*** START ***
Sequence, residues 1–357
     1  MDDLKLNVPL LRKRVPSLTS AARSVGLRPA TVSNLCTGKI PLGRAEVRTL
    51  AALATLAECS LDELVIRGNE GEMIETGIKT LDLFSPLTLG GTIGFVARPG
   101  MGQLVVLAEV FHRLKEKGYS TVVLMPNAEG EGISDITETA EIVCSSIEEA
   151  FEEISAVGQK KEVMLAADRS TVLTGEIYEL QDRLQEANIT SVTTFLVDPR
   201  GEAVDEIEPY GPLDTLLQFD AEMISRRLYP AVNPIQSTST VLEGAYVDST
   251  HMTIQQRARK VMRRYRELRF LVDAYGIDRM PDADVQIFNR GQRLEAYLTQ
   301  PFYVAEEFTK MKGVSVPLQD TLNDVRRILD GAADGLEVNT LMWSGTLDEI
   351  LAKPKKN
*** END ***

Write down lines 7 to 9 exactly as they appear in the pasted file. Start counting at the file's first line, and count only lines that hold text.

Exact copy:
   251  HMTIQQRARK VMRRYRELRF LVDAYGIDRM PDADVQIFNR GQRLEAYLTQ
   301  PFYVAEEFTK MKGVSVPLQD TLNDVRRILD GAADGLEVNT LMWSGTLDEI
   351  LAKPKKN